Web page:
they are no nearer the breedingplaces of the larvae than others. Here is an instance of such a house, examined through four consecutive years, all that time occupied by the same family. This example, moreover, shows how such a house may become a permanent hotbed of anopheline infection. In this house we detected in the months of:
December 1934 *83 anopheles, 48 infected, 45 sporozoite-carriers Jan.-Feb. 1935 483 „ 68 „ 64 Sept.-Dec. 1935 414 „ 26 „ 10 Aug.-Dec. 1936 191 „ o „ o „
Aug.-Sept. 1937 132 „ 4 „ o
Still, the number of anopheles found in a house does not all depend on the human population, but likewise on the house itself. The following is an example of the influence of the house, independent of the number of people living in it, on the number of anopheles it shelters and the extent of the anopheline infection it is fostering.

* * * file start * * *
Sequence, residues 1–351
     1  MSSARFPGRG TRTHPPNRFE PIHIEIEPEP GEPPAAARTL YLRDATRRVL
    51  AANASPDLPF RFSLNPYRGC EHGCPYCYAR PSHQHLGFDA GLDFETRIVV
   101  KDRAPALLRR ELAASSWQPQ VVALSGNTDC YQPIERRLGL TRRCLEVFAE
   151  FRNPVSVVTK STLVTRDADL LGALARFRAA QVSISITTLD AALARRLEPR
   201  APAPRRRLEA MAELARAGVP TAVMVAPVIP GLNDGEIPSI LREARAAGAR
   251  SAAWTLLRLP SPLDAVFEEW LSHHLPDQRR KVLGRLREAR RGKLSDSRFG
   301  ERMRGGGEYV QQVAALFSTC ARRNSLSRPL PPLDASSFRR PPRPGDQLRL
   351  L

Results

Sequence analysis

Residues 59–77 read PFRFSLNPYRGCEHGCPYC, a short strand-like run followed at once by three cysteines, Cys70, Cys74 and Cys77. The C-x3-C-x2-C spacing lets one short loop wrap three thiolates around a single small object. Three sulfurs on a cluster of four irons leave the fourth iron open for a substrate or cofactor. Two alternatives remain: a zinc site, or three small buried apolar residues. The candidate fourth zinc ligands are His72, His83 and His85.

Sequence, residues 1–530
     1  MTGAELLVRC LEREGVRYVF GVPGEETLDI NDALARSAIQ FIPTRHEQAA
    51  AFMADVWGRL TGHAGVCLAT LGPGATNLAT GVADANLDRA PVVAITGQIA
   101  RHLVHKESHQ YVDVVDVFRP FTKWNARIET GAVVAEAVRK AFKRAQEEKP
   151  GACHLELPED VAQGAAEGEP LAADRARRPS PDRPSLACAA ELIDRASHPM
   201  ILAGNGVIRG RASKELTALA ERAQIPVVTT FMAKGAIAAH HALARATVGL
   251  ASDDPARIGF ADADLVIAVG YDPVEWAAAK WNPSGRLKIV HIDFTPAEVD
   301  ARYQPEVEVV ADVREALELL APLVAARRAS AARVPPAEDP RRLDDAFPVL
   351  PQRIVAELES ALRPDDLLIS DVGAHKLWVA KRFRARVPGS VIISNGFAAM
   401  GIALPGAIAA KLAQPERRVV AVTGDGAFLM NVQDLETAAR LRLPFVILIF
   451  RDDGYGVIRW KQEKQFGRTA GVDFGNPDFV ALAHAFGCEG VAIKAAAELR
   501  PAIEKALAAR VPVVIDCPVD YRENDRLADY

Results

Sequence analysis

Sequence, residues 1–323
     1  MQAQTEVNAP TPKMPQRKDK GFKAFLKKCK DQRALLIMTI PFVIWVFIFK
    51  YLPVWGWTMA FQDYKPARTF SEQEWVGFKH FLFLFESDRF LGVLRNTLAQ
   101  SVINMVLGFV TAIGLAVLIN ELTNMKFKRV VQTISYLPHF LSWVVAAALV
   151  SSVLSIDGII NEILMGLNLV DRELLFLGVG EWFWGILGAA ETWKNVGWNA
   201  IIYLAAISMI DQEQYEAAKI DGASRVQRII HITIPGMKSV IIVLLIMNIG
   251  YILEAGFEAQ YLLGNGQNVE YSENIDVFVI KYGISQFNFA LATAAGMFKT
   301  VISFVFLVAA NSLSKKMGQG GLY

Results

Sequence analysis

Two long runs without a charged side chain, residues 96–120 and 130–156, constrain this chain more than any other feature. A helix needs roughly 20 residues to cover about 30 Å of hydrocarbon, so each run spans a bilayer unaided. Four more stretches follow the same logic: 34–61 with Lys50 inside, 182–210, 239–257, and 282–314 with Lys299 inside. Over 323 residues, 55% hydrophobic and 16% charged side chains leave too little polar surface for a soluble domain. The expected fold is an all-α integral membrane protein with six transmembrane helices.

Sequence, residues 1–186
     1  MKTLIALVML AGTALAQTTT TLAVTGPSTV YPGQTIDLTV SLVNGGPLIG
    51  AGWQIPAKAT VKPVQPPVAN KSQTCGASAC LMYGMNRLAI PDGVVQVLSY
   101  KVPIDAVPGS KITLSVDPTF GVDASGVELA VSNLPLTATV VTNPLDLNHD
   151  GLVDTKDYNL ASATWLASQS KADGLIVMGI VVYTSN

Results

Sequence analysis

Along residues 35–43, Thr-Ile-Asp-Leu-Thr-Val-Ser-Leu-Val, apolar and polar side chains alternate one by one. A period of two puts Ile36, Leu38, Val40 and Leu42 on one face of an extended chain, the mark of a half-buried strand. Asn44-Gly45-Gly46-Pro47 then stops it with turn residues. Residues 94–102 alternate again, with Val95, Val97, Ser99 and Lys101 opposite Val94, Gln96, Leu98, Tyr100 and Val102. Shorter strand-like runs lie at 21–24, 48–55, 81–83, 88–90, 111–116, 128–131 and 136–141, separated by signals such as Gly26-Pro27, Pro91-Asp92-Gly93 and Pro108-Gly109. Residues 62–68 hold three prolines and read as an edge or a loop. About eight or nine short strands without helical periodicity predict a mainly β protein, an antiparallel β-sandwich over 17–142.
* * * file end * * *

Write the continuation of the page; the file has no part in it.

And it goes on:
In a family of eight members four had malaria in 1935; moreover, there were two parasite-carriers * among them. In 1936 they had two malaria patients and four parasite-carriers. In 1935 52 anopheles were found infected in their house, among 172 captured on three visits; in 1936 none was found infected among 8 anopheles captured on four visits. The family had remained the same, the parasite reservoir had remained the same, but anopheline infection had become extinct for lack of anopheles. Here is a case which contradicts the conclusion we arrived at, that the mosquitoes each year tend to return in large numbers to the same house. But it is no con-
* The importance of "healthy" parasite-carriers as a source of infection for anopheles will be discussed later on (p. 165).